Monthly Archives: April 2011

Measuring Power with A Logarithmic Amplifier

One of our young engineers asked me why all of us old-timers like to use logarithmic amplifiers when we need to measure input signal power. The answer is simple -- power expressed in dB is a linear function of the … Continue reading

 
Posted in Electronics | Leave a comment

Learning How Electronic Parts Work

Introduction A few years ago, I gave a lunch time talk on Mathcad to my hardware engineers. During the talk, one of the engineers mentioned that he starts a Mathcad worksheet when he is reading a part datasheet. While he … Continue reading

 
Posted in Electronics | 2 Comments

Bad Business Decisions

During a hallway discussion, the topic of bad business decisions came up. I was asked to relate the dumbest business decision that I had ever seen. This one was very easy. Because I do not wish to receive hate mail, … Continue reading

 
Posted in Management | Leave a comment

Air Conditioning Math

Introduction I get some strange phone calls. I recently received one from a customer who wanted to know how many "tons of air conditioning" he needed to cool some equipment he had purchased from my company. After I assisted this … Continue reading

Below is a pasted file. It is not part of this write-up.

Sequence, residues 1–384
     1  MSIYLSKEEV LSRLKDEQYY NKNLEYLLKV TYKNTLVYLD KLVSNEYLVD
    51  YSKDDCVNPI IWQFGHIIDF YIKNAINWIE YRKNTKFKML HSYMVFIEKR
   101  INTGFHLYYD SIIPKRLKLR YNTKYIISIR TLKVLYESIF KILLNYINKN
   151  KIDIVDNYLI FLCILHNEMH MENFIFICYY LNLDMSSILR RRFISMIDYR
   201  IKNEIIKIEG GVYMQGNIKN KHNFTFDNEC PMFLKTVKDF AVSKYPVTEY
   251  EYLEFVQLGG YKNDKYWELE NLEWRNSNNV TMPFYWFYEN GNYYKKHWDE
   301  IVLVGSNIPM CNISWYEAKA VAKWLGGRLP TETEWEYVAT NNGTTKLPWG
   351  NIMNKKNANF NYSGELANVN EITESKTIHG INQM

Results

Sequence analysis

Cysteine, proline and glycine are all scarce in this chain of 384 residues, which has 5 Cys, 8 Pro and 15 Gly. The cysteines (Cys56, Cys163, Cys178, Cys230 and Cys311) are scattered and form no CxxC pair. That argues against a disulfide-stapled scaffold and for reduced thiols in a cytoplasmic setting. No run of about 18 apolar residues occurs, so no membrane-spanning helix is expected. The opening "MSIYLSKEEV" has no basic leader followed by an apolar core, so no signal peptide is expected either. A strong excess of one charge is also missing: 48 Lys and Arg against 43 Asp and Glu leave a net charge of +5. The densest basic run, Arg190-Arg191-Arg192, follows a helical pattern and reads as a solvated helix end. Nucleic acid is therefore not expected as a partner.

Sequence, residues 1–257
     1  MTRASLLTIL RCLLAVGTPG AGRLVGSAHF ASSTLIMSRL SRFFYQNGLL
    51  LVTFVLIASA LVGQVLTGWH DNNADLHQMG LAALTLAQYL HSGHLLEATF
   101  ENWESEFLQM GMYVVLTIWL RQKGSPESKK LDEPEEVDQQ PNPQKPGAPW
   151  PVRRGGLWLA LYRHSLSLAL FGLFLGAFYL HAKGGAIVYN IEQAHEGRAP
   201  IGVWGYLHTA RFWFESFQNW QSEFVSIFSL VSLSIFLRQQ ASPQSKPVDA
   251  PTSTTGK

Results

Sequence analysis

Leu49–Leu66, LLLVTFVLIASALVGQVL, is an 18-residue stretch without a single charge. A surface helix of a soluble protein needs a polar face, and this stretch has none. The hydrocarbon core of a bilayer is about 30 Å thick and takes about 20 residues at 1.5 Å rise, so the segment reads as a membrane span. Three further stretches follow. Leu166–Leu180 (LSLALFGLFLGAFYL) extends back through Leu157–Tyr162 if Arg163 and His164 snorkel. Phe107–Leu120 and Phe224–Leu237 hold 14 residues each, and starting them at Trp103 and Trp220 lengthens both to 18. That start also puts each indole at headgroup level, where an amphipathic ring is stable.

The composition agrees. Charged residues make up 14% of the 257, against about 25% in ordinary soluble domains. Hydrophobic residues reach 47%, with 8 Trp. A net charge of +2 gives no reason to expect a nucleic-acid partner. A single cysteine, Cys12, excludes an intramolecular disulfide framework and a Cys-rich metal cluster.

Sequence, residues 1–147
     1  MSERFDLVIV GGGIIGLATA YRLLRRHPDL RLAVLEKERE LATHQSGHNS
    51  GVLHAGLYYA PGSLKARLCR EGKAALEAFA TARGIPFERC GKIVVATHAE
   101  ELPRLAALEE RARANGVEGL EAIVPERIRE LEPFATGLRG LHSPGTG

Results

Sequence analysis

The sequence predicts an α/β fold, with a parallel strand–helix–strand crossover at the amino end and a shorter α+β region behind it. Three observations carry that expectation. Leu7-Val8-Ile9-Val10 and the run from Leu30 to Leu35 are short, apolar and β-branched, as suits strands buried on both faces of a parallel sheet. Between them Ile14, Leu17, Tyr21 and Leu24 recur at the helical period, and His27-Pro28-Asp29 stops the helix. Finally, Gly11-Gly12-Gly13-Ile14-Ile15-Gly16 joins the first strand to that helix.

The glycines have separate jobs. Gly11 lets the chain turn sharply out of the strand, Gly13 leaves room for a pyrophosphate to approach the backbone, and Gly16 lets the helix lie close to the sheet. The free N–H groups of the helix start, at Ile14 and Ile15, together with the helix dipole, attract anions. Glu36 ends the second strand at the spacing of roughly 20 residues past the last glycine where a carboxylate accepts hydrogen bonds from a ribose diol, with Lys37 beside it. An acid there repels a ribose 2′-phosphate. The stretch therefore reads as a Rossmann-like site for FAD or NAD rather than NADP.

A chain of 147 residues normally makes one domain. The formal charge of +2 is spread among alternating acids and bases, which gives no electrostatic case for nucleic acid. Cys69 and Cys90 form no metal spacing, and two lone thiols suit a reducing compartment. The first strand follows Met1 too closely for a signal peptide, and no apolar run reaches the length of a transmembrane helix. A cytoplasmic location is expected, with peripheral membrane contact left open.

Posted in Construction, History of Science and Technology | 1 Comment

Oxygen on Earth

As my regular readers can tell, I do not passively sit and watch television. While I am watching a program (history or science-oriented, nothing else), I have my computer right there and I actively research what is being said during the program. Last weekend, I was watching an interesting program on the History channel called "How the Earth was Made". This particular program was about the formation of the Earth and it contained an excellent section on the generation of atmospheric oxygen (transcript of program). In my opinion, the star of the show was a little rocky structure called a stromatolite (Figure 1). A stromatolite is a layered, rock-like structure formed when shallow-water sediments are trapped in films of microorganisms. Continue reading

 
Posted in General Science, History of Science and Technology | 8 Comments